We have not found any divisions specific to the funding listed at [16]. Therefore, they cannot be included in our record.

(e) Voted consistently against increasing the Newstart Allowance rate

While appropriation bills may be the only bills that directly impact government spending, many divisions either indirectly impact funding arrangements or express an opinion towards funding arrangements, and so are included in our voting records.

We have not found any divisions specific to the funding listed at [19]. Therefore, they cannot be included in our record.

(f) Voted consistently against the Paris Climate Agreement

Our parliamentarians may not control whether we enter the Agreement, but as our elected representatives they should be expected to have an opinion on the matter. These divisions express that opinion.

(g) Voted consistently against a carbon price

These motions expressed an opinion on the carbon price. Elected representatives are expected to have opinions on important matters of concern to Australians.

(h) Voted consistently against increasing legal protections for LGBTI people

These motions expressed an opinion on legal protections for the LGBTQI+ community. Elected representatives are expected to have opinions on such matters.

As far as we can see, no relevant divisions on the bills mentioned in [26] were recorded in the official parliamentary record, so cannot form part of our voting records. The only record of voting on the Religious Discrimination Bill and the Human Rights Legislation Amendment (we presume this is the bill you referred to as the Sex Discrimination Amendment) is in the Senate Journal, which noted that a first reading vote took place ‘on the voices’ before debate was adjourned.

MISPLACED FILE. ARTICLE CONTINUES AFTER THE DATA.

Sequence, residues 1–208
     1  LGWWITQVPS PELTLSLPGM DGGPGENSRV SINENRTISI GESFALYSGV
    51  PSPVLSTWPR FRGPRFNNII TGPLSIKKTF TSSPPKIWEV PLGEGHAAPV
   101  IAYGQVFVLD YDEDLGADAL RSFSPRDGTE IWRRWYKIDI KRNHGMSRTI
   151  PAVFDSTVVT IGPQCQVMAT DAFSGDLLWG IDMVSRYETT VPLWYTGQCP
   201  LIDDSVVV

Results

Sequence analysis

Regarding the subjects listed in [27]:

The new category called “We can’t say anything concrete about how they voted on” was created to take account of the fact that not all divisions are equal. 

Only divisions that make real legal changes are classified as “strong”, while the rest (including symbolic motions) are classified as ordinary. After exchanging emails with several staff members of elected representatives, we agreed that no policy position should be determined solely by a single ordinary vote. Instead, where a representative has only voted once in an ordinary division for a policy, their voting record now says “We can’t say anything concrete about how they voted on…”.

We acknowledge the information you have provided regarding Senator Bragg’s position on these subjects, but our site runs solely on data drawn from the official parliamentary record. Without relevant divisions, we cannot make any changes to the record.

(a) We can’t say anything concrete about how they voted on increasing workplace protections for women

We agree that it is bizarre that divisions are not always taken on important voting matters, such as on whether to pass a bill. Unfortunately, this is common voting practice in our parliament.